Share this article

print logo

Zoning Board OKs variance for senior housing project; Clarence supervisor applauds move; critics wary of changing density rules

A proposed senior housing complex in Clarence that spawned a debate about the town's density restrictions has cleared an important hurdle.

The Zoning Board of Appeals, by a 3-2 vote, approved Affordable Senior Housing Opportunities' revised request for a variance.

The vote puts the project back on track, after the board in January rejected a larger requested variance.

The project drew increased attention when the Town Board in February held a public hearing on whether to loosen the town's density restrictions for multifamily properties in some areas of town. Many residents spoke out against such a change or said they wanted more information, and the Town Board took no action.

The senior complex still needs to secure additional approval from the town before it can be built. But Town Supervisor David C. Hartzell Jr., who staunchly supports the project, applauded the Zoning Board of Appeal's vote.

"I think it's the right project at the right time," he said. "We let Wegmans slip away, shame on us. But we came back, righted the wrong, and now we're going to have a great project going up there for senior citizens. I hope it's the first of many."

Affordable Senior Housing Opportunities went back to the Zoning Board with a plan to build a complex consisting of 125 units, or 13.9 units per acre, for seniors capable of living independently, north of Roll Road near Transit Road.

Town law restricts multifamily density to eight units per acre, so Affordable Senior Housing Opportunities sought, and received, a variance of 5.9 units per acre, or 53 units.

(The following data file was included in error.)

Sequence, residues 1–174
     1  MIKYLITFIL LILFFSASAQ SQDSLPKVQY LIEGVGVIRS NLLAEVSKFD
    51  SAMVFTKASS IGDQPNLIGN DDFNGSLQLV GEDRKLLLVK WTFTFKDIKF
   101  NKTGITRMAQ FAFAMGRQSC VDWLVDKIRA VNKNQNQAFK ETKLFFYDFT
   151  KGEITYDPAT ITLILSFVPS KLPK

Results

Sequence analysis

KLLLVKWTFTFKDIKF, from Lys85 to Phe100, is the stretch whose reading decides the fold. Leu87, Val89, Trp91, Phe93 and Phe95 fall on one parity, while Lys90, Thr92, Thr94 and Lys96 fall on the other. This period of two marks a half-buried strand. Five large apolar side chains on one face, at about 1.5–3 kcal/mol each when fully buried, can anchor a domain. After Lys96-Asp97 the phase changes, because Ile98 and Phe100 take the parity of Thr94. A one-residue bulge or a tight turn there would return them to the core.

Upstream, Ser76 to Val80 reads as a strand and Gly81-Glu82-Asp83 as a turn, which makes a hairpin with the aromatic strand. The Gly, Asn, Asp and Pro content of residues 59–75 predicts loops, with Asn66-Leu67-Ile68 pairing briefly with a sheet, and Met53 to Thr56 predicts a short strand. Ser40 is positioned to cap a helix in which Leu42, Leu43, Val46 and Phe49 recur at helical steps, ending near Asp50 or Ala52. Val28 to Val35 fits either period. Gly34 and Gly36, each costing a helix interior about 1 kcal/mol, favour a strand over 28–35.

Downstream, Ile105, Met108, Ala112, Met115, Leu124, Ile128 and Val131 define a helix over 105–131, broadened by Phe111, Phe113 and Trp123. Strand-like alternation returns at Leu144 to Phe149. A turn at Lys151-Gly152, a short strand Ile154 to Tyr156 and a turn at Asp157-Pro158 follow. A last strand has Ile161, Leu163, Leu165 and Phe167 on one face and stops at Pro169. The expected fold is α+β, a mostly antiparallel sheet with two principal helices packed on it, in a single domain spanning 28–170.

The developer in January had requested a variance of 6.6 units per acre. The site is part of the land where a Wegmans supermarket was once proposed.

Hartzell said he felt the developer's decision to compromise by revising the project slightly -- with six fewer units -- helped it win approval from the Zoning Board of Appeals this time.

"[The developer] bent a little bit and as a result, the people on the [Zoning Board] bent a little bit," he said.

The developer's revised project is expected to be on the Planning Board's agenda May 2, said Al Schultz, the Planning Board's chairman.

Schultz, speaking at the Town Board's work session this week, noted that Town Board members had not yet decided whether to approve a special exception use permit for the project.

"Our intent is to give you the best concept that we can put on that lot," he said.

Separately, the Zoning Board of Appeals approved a variance for Niagara County Produce's planned new market, greenhouse and warehouse building on 13.2 acres at 8555 Transit Road. The variance request involved setbacks on the property to allow for construction of the new facility.